elephant

Eric Schmidt, the CEO of Google, he addressed the Newspaper Association of America’s annual conference.
I hate Google, in a more rational way than you realize. even if I have a gmail account and use gchat. because yeah, yeah, yeah, that’s a great point you make, I’m a hypocrite. and yeah, no shit, the game is changing, and papers are going to have to get the fuck over it. but I don’t care, and it doesn’t matter. stop cheerleading. most of the newspaper industry isn’t the New York Times or Rupert fuckin’ Murdoch, and the wonderful pandora’s box of humanity that is the internet is killing my line of work.
I love the freedom of the internet. it’s fucking great, man, it’s a great tool. it’s an encyclopedia with a pulse. it’s a portal. this is a portal. and the porn, oh god, the porn! … but the computer I’m using cost about $600 in 2006 dollars, and I pay probably $50 for monthly internet access. and someone is getting rich off of this stuff. hell, I just used Google’s news aggregator to find that article above. hrmm, I think it might be them.
so look straight ahead, because this is it. the vicious free market is playing out, about a foot and a half in front of your face, and underneath your fingertips. send me a dollar in the mail.

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5 comments so far

  1. Mary on

    I can’t remember if we talked about this last night or not, but IU makes a lot of money on a deal they have with Google. Google borrows thousands of books from IU and digitizes them. When I kept drilling my supervisor with questions about this, she said, “Oh, you’re such a library science student. Whats the big deal? They’re just books.”

    As Mom would say, WTF?

    Also, I thought you’d be interested in some of these clips. Netiquette, Matt! Netiquette. Do you remember that internet place in Bulgaria? It was in a basement and was full of little Bulgarians playing online games.

    http://www.pbs.org/wgbh/pages/frontline/digitalnation/view/korea.html?id=frol02c223fq806

  2. Smith on

    I think you need to explain why it is a big deal, because I certainly don’t see anything wrong with offering books via the web. The more people read, regardless of the format, the better.

  3. Mary on

    You’re right about the format. I guess what bothers me is this sort of monopoly of information that seems to be growing out of Google. If all the books at IU, for example, are digitized by Google, we won’t need a library at IU anymore. We can just do all our research through Google. And also, whole sections of the stacks are removed at a time, an indefinite time, so when a student comes looking for a book, we have to tell them Google has it and there is no way of knowing when it will come back. I suppose it isn’t the format issues that bothers me as much as the slow weeding out of diverse research facilities and the creation of one controller of information. Maybe Im getting a little too 1984, but it creeps me out.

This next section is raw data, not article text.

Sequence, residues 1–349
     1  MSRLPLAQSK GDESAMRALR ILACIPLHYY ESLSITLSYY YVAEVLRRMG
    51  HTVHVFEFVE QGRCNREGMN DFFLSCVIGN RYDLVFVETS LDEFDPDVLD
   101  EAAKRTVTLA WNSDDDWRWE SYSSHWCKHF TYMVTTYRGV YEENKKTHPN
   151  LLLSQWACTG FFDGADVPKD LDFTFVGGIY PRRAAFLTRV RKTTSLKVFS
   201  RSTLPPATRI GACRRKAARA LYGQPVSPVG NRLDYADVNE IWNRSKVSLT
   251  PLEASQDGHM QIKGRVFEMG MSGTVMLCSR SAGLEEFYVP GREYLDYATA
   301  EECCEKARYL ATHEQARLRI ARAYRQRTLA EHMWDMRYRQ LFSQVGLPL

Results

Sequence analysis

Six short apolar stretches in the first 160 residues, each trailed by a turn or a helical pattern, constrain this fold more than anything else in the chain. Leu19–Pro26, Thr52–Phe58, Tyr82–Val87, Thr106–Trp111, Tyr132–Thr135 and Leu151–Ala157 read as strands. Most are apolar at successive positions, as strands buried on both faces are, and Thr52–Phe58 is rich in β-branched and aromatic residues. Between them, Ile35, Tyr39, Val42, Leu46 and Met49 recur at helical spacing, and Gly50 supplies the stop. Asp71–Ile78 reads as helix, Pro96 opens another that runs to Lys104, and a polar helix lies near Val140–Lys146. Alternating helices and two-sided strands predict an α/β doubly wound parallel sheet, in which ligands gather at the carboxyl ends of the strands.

P.S. I have gmail. Guilty as charged!

  4. matt on
  5. Smith on

    I do understand the apprehension. But I think in this case the market is driving Google instead of them using their size and power to drive the market. An opposite example, in my opinion, would be what Microsoft did when they were forcing their Internet Explorer browser onto every Windows compatible computer beings sold. For me, the difference relies completely with the consumer having the choice. In that case, the choice was made for us. In this case, it is up to me whether or not to go to the library, use Google, or another online competitor – which there are plenty.

    I do agree that it will be a sad day when physical libraries start going under due to digitized books, and as your future profession I can see why this would freak you out, but being able to easily access a research article, novel, magazine, or text book is for too beneficial for it not to be adopted.

    I would also disagree somewhat that there is a “slow weeding out of diverse research facilities”. I believe we are only seeing a migration to other different and newer forms of such facilities. Google might be the most popular portal for most research, but they are definitely not the only option. In fact, Google is not even close to the leader of digitized books; that honor would go to ebooks.com. As long as there are diverse options available, it makes no difference if the medium is digital or physical. They do not write the articles, they only compile them, and they are not the only ones doing so.

    I guess it boils down to the fact that I have never had as much of a problem with Google being as dominate as they are in the search and information market, because it has always resulted in more information being provided to the public in an easier, user-friendly format. It might take a while, but Google will begin to see their market share chipped away by better products, the problem is that there is not much out there that would be considered better.

    That being said, a healthy dose of skepticism is usually for the best.


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